All cases previously staged according to CERAD neuropathological criteria were then staged according to Braak and Braak criteria.31,33 These neuropathological assessments were blinded to clinical and pathological diagnoses. According to these researchers, AD neuropathology, specifically neurofibrillary tangles, evolves in a relatively predictable pattern.33,34 Braak staging for neurofibrillary tangles encompasses seven different stages, with Stage 0 indicative of no AD pathology. Stages I and II are the transentorhinal stages. In these stages, AD pathology is primarily located in the transentorhinal region of the temporal lobe but also extends into the entorhinal cortex with mild involvement of the hippocampus. Stages III and IV, the limbic stages, are characterized by greater involvement of the hippocampus and additional involvement of the amygdala, thalamus, hypothalamus, and basal forebrain. Clinical symptoms usually become evident at these stages of brain involvement.35 The most severe stages are the neocortical stages, Stages V and VI, in which AD pathology is detected throughout the neocortex.33,34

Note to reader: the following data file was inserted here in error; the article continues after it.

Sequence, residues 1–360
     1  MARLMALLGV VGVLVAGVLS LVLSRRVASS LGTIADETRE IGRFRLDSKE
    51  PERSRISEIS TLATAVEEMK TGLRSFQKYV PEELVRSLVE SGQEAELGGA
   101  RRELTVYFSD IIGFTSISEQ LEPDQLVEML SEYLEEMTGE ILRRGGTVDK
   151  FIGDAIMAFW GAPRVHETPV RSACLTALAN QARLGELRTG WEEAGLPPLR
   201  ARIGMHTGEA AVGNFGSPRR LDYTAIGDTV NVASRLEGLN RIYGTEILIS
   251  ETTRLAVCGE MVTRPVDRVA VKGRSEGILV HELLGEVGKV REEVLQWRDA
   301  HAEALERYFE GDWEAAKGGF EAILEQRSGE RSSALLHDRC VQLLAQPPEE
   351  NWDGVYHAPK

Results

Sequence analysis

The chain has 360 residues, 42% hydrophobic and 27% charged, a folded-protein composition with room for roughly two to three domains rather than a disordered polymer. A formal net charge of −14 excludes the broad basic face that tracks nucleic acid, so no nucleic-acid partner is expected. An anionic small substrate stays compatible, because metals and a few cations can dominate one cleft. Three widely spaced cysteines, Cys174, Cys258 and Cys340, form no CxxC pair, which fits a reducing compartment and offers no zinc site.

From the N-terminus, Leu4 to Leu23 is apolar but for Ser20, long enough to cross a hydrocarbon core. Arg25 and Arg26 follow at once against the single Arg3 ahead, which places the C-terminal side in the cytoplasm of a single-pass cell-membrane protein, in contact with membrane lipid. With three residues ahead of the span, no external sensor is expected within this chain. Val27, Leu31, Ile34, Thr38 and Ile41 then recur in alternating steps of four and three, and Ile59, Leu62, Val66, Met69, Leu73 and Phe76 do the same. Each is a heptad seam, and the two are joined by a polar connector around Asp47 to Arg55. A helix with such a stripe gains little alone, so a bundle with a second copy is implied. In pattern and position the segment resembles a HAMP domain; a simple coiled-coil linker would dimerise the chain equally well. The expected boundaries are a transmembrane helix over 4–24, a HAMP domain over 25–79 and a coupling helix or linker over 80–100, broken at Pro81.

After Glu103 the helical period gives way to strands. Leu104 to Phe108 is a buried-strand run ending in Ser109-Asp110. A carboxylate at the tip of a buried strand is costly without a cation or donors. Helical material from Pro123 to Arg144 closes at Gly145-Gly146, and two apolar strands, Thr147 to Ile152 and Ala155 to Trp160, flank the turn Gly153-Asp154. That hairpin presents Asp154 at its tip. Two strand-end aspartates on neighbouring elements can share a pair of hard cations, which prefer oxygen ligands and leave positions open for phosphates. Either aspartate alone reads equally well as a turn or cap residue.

Vascular lesions were identified and characterized for age and location using clinical records and neuropathological assessments.36 Recent infarcts (acute/subacute—occurring less than 1 year before) were presumed to be terminal events that occurred after clinical assessments and therefore unlikely to contribute substantially to any clinical dementia during the study. These lesions were excluded from analyses. Vascular lesions, including lacunar infarcts, occurring more than 1 year before death, and located above the tentorium, were considered to be significant regardless of volume. Such lesions were considered to be potentially contributory to the development of dementia and were included in this study. Lacunar infarcts included cystic lesions in noncortical regions (e.g., basal ganglia and thalamus) and deep white matter that were less than 20 mm in diameter. Lesions greater than 20 mm in diameter in noncortical regions were considered large. In addition, cortical infarcts were further classified as large (>10 mm in diameter), small (<10 mm in diameter), or microscopic (only visible upon microscopic review).36-39 Cerebral blood vessels were evaluated for the presence of atherosclerosis, significant obstruction, aneurysms, hemorrhage, and other abnormalities. Cases that exhibited any additional neuropathological diagnoses likely to contribute to dementia were excluded from the current analysis (e.g., Lewy bodies).